Press Release from Prime Minister’s Press Unit
Prime Minister Amama Mbabazi on Saturday attended celebrations of the Rwenzururu cultural institution which was marking 50 years of existence, in Bundibugyo Town Council. Mbabazi was representing the President as chief guest at the ceremony.
He thanked the people of Bundibugyo for their continued support of NRM. He said the issue of Obusinga (Rwenzururu institution) is a cultural issue to be determined by the people of Rwenzururu. The Constitution that restored the Obusinga allowed all those that wished to enjoy their culture to do so.
He said this while addressing a rally of Rwenzuru loyalists to mark the occasion and promised to go back for a discussion over cultural issues.
Mbabazi had earlier addressed a meeting of all district leaders at the district headquarters who gave him a memorandum on the issues affecting the district. The meeting was attended by State Minister for Primary Education Kamanda Bataringaya (also Bwamba County MP), Members of Parliament Harriet Ntabazi (area Woman), James Mbahimba (Kasese Municipality) and Joseph Kilegheya Sibalingene (Bughendera County).
The District LCV Chairman, Jolly Tibemanya, the Deputy Resident District Commissioner, Wilson Isingoma and district councilors also attended.
During the meeting, the leaders raised various issues among them issues of finances to the district. They complained about late releases from government, district budget indicators being below what they requisitioned and the lack of an alternate resource for graduated tax.
Mbabazi said graduated tax cannot be reinstated because local authorities have failed to justify it. Additionally, the collection of graduated tax was too primitive and expensive to sustain the tax. He said the current low levels of revenue collection being advanced as a reason for its reinstatement were not convincing.
President Yoweri Museveni abolished the tax during the 2005 presidential campaigns, arguing that it was regressive and expensive to collect. The government replaced it with the local service and local hotels taxes.
However, some Members of Parliament and several district leaders have advocated for its reinstatement. They argue that its abolition has vastly constrained operations of local governments. They advance the idea of finding alternate sources of revenue such as building markets.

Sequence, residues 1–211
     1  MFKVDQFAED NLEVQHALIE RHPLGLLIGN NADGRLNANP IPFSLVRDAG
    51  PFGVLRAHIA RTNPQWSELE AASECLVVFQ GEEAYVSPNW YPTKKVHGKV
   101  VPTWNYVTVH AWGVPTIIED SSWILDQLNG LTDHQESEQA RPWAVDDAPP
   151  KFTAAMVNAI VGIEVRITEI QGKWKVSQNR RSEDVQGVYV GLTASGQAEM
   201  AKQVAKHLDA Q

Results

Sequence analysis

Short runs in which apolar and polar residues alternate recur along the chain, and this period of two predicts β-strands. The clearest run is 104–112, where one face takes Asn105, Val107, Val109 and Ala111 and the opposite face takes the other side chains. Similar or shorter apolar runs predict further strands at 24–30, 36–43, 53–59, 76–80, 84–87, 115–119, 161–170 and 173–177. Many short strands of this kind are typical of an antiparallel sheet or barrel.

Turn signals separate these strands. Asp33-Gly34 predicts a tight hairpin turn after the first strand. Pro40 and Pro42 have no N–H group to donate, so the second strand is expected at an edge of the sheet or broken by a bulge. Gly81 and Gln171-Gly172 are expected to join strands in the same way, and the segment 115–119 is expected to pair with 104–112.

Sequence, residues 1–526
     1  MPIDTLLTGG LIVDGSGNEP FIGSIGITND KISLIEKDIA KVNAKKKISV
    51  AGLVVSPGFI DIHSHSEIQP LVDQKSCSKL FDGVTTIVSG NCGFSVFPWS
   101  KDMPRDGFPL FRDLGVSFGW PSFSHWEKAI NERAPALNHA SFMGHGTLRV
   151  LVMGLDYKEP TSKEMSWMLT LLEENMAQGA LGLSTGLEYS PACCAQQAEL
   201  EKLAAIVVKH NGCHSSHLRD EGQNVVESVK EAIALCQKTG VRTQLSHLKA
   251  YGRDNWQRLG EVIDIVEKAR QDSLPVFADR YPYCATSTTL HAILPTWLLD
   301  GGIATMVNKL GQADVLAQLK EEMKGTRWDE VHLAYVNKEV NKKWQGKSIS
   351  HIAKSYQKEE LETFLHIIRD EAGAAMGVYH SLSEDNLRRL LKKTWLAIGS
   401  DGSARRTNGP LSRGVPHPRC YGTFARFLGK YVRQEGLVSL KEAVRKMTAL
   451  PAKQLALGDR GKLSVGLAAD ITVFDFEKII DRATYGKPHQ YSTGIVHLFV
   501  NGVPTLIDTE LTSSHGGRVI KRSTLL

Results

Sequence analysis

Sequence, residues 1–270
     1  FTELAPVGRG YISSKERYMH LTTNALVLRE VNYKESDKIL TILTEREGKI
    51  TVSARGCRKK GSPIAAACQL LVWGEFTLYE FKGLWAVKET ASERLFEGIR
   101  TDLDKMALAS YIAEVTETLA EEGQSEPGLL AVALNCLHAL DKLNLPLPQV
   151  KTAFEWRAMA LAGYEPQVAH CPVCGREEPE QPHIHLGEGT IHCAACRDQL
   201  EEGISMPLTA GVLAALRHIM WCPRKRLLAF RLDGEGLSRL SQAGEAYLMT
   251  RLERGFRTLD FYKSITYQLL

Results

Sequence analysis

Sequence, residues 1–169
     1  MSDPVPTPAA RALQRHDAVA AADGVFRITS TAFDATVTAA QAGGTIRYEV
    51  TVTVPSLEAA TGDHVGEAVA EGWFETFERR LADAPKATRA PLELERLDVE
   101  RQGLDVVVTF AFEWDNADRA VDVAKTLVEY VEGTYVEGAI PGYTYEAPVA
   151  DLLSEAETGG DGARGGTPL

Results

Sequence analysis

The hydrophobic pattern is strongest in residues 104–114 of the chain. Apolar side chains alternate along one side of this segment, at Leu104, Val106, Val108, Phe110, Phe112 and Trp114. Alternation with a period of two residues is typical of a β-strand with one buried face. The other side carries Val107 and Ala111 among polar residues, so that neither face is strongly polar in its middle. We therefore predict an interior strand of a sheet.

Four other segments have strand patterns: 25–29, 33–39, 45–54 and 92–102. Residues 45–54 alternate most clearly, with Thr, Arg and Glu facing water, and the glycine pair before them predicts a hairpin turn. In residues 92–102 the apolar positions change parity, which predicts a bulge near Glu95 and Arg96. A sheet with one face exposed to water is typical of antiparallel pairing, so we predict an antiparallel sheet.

Mbabazi said. “The question of low local revenue collection is something we should discuss because it cuts across.”
The district Chairman Jolly Tibemanya said Bundibugyo had suffered a budget cut of Shs 2.5b for the 2012/13 financial year. Such gaps, he said, would in the past be bridged by graduated tax collections which funded most districts by up to 75 percent. He highlighted a number of achievements, saying 90 percent of the district budget was funded by the central government.
Mbabazi said his office, even as the Leader of Government Business in Parliament, had also received zero releases in the last quarter of the financial year. He said such budget cuts were inevitable because the Ministry of Finance disbursed what it received from revenue collection.
“We expected to raise an additional Shs 528b compared to last year’s (2011/12) collections but there were no budget increases. Most money went to minimal increases in salaries and allowances to science teachers,” Mbabazi explained. He said the balance was for development of Karuma hydropower.
The Deputy Resident District Commissioner, Wilson Isingoma briefed Mbabazi on the threat of ADF rebels in Eastern Democratic Republic of Congo. He also outlined challenges in the disbursement of loans under the Youth Venture Fund.